Arlocor Music has released a 5 song maxi-CD from Joey Ammo, recorded at New Alliance Audio in Cambridge. It is a terrific outing from the former lead singer of Boston area legend Birdbrain in a nice compact package rife with the obligatory religious overtones. Opening with a quick burst of “Love Me”, in all its glorious two minutes and fifty seconds, the authoritative riff brings Seattle-styled alt rock to this era with the gritty determination that was such a big part of Birdbrain. The unrequited love hook is followed by Badfinger/Eric Clapton/Cream kinda jangles. Mike Davy and Ammo are a charging guitar duo with lines that flourish, Davy and Alan Ferix (bass) also adding great vocal harmonies.
“Glue” is even shorter (and heavier) on the Beatles melody flavors and absolute George Harrison guitar lines that are a delight and make this possibly my favorite track of the half a dozen tunes offered – 5 official titles and one “bonus track.” What is it with this “bonus track” mania? Steve Gilligan of Fox Pass/The Stompers has one on his new release, Jacob’s Ladder, and like…people?…can we just call these 6 song or 15 track releases? Now that we’ve got that out of the way…”Glue” has all the elements of a hit single, nice vocal break, great hook and a quick fadeout. “Bigger” clocks in at 2:35 and it crosses a plodding Black Sabbath riff with the original New York Dolls after the Dolls learned how to play. It’s menacing and would be great for the next Godzilla flick. As the Shirelles sing in “Will You Love Me Tomorrow?” – they just can’t believe the “magic of your size” (or is it sighs? as lustfully pointed out by Cantab ukulele player Eddy White) …perhaps “Bigger” is the sequel to that (free plug – Shirley Alston Reeves of the Shirelles coming to the Kowloon in Saugus on October 27; )
“Teresa” is another plodding stomp, the longest composition on this short disc at 3:33 which has Ammo continuing the musical – and thematic – vibe that the previous three tunes initiated. The entire project has a solid in-the-pocket groove, this one in particular derived out of the second site of the Abbey Road album. The lyrics are strong, the vocal determined the album title Full of Grace seeming to have little to do with the music contained herein other than that the band is graceful in delivering the hard rock. “Bone Dry” sums it up nicely and you’ll hear fragments of some of your favorite songs tucked into the musical phrasings…which works for me. It’s a very accessible and well-defined outing including the final folk essay reminiscent of Lou Reed singing to “Jesus” on the third Velvet Underground opus. Short and sweet – the way I like records (CDs) these days – though with a lot to say. It’s stated effectively. Grade A. Nice to have Joey Ammo back, and back in a big (or bigger) way.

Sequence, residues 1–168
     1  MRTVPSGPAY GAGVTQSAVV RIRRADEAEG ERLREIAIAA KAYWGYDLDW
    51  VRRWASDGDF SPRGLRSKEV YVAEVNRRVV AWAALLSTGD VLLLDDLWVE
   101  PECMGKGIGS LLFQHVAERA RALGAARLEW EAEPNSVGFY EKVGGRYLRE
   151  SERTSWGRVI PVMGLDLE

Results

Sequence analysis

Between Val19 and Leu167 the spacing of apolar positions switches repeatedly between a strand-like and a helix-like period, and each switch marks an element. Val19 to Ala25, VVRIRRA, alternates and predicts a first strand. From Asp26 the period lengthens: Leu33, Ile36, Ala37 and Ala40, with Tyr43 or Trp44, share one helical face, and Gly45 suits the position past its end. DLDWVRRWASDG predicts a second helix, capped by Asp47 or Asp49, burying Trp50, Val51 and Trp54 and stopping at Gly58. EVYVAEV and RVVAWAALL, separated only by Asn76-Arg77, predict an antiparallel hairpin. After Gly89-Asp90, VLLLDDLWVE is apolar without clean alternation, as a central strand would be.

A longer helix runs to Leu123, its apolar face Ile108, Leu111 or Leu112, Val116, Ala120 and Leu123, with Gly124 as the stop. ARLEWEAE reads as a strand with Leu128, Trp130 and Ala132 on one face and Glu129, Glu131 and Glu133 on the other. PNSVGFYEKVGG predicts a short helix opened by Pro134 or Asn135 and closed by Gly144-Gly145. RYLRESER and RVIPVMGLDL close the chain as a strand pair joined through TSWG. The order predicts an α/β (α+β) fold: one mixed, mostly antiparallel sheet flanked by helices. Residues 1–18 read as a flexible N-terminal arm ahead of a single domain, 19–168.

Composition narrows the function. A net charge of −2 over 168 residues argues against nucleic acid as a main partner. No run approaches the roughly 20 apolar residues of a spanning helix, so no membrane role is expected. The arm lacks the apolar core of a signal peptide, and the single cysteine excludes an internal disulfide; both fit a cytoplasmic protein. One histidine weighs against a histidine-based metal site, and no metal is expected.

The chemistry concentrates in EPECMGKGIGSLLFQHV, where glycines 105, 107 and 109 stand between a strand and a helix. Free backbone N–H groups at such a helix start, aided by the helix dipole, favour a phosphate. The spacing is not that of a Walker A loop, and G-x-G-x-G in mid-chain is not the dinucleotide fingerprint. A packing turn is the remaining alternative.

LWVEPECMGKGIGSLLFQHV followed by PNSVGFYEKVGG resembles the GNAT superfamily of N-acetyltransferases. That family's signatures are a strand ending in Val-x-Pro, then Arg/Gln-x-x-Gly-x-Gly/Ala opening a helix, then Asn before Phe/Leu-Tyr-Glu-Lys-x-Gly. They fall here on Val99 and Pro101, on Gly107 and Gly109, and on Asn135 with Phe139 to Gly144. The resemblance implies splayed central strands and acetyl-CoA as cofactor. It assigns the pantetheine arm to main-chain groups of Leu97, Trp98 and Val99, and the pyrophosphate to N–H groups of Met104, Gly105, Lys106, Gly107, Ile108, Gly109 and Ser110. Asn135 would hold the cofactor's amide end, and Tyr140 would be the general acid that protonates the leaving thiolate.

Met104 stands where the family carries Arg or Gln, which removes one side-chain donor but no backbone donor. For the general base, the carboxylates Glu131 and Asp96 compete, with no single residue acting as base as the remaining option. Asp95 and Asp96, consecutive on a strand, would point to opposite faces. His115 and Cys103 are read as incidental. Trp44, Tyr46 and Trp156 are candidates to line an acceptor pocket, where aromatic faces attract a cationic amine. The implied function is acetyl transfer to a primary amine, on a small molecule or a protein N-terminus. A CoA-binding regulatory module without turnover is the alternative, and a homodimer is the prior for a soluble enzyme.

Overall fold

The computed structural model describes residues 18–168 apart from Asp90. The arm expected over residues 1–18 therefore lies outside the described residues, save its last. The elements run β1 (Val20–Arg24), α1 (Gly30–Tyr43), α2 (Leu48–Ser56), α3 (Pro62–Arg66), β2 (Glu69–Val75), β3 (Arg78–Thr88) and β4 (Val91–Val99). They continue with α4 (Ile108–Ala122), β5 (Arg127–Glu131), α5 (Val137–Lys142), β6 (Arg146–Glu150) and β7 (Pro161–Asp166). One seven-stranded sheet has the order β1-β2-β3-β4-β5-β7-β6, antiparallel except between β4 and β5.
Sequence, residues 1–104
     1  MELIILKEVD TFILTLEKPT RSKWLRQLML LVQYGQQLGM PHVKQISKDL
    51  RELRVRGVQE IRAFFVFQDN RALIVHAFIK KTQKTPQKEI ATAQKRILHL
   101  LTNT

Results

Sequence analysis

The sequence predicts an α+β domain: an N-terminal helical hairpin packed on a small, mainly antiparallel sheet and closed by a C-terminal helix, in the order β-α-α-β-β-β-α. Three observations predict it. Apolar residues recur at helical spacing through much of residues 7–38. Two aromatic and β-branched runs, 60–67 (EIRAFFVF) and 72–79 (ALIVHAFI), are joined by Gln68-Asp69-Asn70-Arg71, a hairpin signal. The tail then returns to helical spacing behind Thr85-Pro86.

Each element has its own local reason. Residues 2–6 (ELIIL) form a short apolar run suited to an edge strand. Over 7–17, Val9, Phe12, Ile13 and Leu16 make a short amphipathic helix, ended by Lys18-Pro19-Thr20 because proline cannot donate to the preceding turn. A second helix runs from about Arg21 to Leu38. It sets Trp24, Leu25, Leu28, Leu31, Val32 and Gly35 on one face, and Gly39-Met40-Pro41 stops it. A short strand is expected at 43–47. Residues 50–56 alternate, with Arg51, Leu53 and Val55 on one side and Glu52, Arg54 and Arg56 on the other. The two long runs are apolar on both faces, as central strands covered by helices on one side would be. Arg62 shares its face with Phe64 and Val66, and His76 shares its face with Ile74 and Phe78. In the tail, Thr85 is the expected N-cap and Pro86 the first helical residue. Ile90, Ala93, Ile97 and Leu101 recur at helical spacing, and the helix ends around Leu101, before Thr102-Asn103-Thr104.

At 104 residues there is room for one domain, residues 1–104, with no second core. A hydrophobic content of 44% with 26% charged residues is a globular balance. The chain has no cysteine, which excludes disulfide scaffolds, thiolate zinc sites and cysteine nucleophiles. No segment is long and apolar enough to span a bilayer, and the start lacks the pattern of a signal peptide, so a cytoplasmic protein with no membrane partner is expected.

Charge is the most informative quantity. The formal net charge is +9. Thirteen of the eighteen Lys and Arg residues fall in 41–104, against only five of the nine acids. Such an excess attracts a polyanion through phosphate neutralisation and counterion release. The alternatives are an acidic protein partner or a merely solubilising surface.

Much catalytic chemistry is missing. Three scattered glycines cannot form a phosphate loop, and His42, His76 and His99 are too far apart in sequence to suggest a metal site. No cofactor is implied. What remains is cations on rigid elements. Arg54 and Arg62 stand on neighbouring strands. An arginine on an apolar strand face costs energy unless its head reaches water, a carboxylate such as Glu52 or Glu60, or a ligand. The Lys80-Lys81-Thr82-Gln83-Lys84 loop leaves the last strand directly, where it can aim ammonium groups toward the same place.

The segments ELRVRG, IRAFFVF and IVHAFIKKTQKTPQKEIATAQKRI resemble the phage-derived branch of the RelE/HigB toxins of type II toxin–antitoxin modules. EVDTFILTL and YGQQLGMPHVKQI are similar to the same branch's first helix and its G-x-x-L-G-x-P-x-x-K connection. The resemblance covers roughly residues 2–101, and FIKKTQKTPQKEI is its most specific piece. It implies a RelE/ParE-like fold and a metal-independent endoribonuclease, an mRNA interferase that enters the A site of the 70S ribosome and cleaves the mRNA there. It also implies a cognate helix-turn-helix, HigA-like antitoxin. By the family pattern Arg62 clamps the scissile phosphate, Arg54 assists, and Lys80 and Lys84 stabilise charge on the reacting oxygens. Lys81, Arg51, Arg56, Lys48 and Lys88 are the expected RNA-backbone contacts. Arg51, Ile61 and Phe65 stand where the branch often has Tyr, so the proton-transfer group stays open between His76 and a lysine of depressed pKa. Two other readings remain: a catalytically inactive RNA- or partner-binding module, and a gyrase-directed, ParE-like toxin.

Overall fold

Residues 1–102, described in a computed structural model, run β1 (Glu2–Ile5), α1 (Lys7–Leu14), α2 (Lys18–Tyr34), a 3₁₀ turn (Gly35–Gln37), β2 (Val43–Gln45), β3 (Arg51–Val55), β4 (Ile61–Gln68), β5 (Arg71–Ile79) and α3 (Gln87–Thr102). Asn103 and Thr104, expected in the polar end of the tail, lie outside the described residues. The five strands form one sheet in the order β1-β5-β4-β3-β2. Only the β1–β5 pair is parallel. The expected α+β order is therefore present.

Joe Viglione is the Chief Film Critic at TMRZoo.com. He has written thousands of reviews and biographies for AllMovie.com, Allmusic.com, Gatehouse Media, Al Aronowitz’s The Blacklisted Journal, and a variety of other media outlets. Joe also produces and hosts Visual Radio, a seventeen year old variety show on cable TV which has interviewed Jodie Foster, director/screenwriter David Koepp, Michael Moore, John Cena, comics/actors Margaret Cho, Gilbert Gottfried, Gallagher, musicians Mark Farner and Don Brewer of Grand Funk Railroad, Ian Hunter of Mott The Hoople, Ray Manzarek, John Densmore, Felix Cavaliere of The Rascals, political commentator Bill Press and hundreds of other personalities.